On Friday, October 31, 2014, President Blaise Campaoré, who had ruled Burkina Faso for the last 27 years, was forced out of office. The resignation and subsequent military takeover of the government has created instability and questions over leadership in the country—especially since the constitutional line of succession has been broken by the insertion of military leaders. The power of the military is clear, especially since it has already influenced a second change in leadership. This interruption, subsequent transition and suspension of the constitution, then, have seriously threatened the strength of the rule of law and the future of the Burkinabé government.
President Campaoré Resigns and Flees to Côte d’Ivoire
The violent demonstrations that eventually forced President Campaoré to flee with his family into exile in Côte d’Ivoire could have been avoided had he not considered himself above the law. The impetus for the mass demonstrations was his attempt to change the country’s constitution in order to secure for himself another five-year term in office. Campaoré’s initial reaction to the violent demonstrations was to dissolve the government but retain his position as president until new elections were carried out to select a new government. He also agreed not to seek another term in office. The opposition, however, insisted that he resign. Interestingly, in his resignation statement, issued shortly before he fled the country, President Campaoré called for “free and transparent” elections to be held in 90 days to form a new government.
Shortly after the president’s resignation, General Honoré Traoré, Campaoré’s aide de camp, proclaimed himself president of the republic. This immediate military intervention into Burkinabé politics betrays either a lack of appreciation for constitutional democracy or a willful attempt by the military to take advantage of the instability occasioned by the planned constitutional changes to maximize their corporate interests. But, could someone who had risen to the head of the Burkinabé military have such little understanding of and appreciation for the constitutional order? In announcing that he had assumed the office of head of state, Traoré actually stated as follows: “In line with constitutional measures, and given the power vacuum . . . I will assume as of today my responsibilities as head of state.”
Importantly, there is no provision in the constitution of Burkina Faso for the head of the military or some other military officer to assume the powers of the president in case of a vacancy in the office. Succession, in the case of a vacancy in the presidency of the republic, is governed by Article 43 of the Constitution of Burkina Faso, 1991, which states that, in a case like this, the functions of the presidency should be performed by the president of the senate.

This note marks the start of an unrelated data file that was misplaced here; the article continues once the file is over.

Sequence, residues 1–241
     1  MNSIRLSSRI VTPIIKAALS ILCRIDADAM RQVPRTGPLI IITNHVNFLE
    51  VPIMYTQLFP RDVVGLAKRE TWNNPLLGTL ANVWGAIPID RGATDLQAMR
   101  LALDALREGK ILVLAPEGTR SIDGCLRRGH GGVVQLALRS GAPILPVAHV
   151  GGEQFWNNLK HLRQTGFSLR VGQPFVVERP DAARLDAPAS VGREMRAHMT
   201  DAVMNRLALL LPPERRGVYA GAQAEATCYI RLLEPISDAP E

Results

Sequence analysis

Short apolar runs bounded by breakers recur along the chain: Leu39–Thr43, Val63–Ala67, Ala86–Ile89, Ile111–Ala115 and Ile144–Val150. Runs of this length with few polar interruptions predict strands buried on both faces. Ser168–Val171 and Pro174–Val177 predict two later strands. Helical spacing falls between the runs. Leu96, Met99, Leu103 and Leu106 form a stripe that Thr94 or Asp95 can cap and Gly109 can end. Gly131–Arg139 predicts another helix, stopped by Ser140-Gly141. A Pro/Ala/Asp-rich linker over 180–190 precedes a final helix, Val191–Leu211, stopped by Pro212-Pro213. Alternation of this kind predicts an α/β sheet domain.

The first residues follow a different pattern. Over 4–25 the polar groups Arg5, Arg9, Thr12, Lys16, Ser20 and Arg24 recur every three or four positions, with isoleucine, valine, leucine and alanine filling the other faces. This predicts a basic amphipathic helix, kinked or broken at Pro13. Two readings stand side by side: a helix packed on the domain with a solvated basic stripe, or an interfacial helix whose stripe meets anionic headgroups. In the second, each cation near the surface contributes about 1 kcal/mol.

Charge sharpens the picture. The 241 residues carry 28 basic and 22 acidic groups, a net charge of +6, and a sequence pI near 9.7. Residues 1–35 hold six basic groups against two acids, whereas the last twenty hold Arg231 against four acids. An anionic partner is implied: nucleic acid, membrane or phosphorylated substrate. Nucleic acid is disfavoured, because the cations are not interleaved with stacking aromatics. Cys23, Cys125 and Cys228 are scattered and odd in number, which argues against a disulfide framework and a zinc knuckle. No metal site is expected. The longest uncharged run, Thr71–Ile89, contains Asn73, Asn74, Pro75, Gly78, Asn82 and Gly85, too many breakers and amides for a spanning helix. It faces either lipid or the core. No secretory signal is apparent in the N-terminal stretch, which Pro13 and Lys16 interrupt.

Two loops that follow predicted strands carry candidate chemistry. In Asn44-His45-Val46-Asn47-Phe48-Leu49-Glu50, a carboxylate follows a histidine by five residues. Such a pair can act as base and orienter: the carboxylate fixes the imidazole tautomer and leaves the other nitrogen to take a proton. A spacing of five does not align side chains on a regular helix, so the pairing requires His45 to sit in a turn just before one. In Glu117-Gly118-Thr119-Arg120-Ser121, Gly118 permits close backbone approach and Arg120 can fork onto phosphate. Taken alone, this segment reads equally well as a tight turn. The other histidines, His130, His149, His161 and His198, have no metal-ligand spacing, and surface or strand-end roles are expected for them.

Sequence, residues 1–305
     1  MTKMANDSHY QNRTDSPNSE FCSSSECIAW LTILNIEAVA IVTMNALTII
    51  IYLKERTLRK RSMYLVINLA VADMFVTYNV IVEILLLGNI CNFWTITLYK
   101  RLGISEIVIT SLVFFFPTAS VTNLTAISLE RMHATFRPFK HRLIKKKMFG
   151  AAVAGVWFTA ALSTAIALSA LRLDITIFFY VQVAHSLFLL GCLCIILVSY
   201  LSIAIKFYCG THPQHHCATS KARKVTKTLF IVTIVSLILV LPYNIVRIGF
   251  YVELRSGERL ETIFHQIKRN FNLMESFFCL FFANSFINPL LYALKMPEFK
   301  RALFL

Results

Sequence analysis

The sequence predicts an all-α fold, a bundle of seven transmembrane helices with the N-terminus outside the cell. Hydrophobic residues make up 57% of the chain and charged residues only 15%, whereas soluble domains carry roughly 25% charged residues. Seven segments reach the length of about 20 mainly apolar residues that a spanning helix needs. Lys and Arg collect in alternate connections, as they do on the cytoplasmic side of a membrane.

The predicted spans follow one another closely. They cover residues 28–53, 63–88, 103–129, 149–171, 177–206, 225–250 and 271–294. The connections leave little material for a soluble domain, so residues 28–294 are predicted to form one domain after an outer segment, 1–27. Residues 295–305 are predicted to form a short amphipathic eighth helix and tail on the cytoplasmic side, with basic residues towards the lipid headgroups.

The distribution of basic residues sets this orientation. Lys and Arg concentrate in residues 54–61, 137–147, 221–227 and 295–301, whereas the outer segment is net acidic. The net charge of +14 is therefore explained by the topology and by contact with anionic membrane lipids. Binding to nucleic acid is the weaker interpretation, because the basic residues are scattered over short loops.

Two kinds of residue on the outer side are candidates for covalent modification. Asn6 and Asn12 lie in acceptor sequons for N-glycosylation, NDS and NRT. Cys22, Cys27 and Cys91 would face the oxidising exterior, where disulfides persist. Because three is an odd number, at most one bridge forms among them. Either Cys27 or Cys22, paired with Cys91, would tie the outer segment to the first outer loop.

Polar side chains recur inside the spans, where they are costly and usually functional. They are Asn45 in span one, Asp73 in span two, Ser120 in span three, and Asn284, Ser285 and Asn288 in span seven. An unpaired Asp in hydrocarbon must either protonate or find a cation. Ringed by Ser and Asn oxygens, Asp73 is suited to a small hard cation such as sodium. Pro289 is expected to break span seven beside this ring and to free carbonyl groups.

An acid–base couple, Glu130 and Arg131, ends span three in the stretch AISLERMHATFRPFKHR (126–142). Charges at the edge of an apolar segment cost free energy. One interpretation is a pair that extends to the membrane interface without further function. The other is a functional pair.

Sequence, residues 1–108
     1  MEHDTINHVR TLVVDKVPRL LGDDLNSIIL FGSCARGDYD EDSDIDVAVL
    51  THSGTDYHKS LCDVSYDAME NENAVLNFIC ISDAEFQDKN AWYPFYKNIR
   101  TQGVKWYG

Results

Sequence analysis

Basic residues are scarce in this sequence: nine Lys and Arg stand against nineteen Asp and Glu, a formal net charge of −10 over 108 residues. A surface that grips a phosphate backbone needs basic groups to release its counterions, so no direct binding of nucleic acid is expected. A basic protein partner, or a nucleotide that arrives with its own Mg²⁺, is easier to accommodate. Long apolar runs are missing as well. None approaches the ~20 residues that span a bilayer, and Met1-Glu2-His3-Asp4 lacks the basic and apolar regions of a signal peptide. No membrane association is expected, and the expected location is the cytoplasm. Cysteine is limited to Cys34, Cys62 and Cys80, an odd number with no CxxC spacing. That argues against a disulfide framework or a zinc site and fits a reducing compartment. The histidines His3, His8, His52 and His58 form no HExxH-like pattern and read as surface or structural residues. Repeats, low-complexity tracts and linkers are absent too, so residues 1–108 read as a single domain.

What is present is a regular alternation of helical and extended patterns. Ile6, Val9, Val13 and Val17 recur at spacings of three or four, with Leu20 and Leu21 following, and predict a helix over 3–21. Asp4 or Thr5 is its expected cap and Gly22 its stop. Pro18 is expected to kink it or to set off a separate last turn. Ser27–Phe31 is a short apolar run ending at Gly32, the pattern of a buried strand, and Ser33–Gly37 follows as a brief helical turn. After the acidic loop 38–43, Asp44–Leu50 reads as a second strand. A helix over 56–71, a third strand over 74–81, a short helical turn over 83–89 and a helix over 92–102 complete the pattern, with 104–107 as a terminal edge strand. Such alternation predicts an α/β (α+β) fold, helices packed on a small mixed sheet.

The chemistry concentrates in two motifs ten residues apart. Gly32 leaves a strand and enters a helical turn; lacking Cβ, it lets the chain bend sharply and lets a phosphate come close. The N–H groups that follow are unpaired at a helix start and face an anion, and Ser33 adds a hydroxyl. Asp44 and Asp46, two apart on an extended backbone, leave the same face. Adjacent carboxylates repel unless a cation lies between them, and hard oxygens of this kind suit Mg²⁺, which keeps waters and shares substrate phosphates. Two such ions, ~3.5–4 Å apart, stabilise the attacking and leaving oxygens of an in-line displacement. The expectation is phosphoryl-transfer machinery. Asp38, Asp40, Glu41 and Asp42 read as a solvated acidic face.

The People Reject General Traoré and Colonel Isaac Zida Emerges as New Leader
After Traoré’s quick takeover, the leaders of the protests rejected the government headed by such a close and trusted advisor of the ousted president, claiming it would not represent a full and effective break with the painful past, especially the attempted constitutional changes. In fact, according to Al Jazeera, many of the protesters proclaimed that “[t]he general is linked to Campoaré, and they don’t want anyone linked to Campaoré to lead the country.”
Thus, early on Saturday, November 1, 2014, Colonel Isaac Zida declared that the army had taken control of the state to prevent further violence and that he had assumed the functions of head of state, leading what he referred to as a “peaceful transition”—one that would guarantee the “continuity of the [Burkinabé] state.” He, however, was extremely vague, providing few details, especially regarding how long this transitional government would stay in power or if the elections planned for 2015 will be held. Again, it is difficult to imagine that Zida, like Traoré, was not aware that the resignation and subsequent exit of the president from the political scene did not call for military intervention in the political system. In fact, a military officer of his standing should have had enough familiarity with the constitution to be aware of Article 43.
Oddly, the protesters appeared to have accepted the leadership of Zida, who is said to have been the deputy head of Campaoré’s elite presidential guard. It appears that the deciding factor in the struggle between the two men to assume the position of head of state was acceptance by the military: In a statement issued early on Saturday, November 1, 2014, the military indicated that Zida had been unanimously elected by military chiefs to lead the post-Campaoré transitional government. But, again, in making this decision, were these military leaders not aware of Article 43 of the constitution, which sets out the succession procedures in case of a temporary or permanent vacancy in the presidency? If, indeed, they had knowledge of the provisions of Article 43, then why did they interfere with what should have been a constitutionally mandated succession?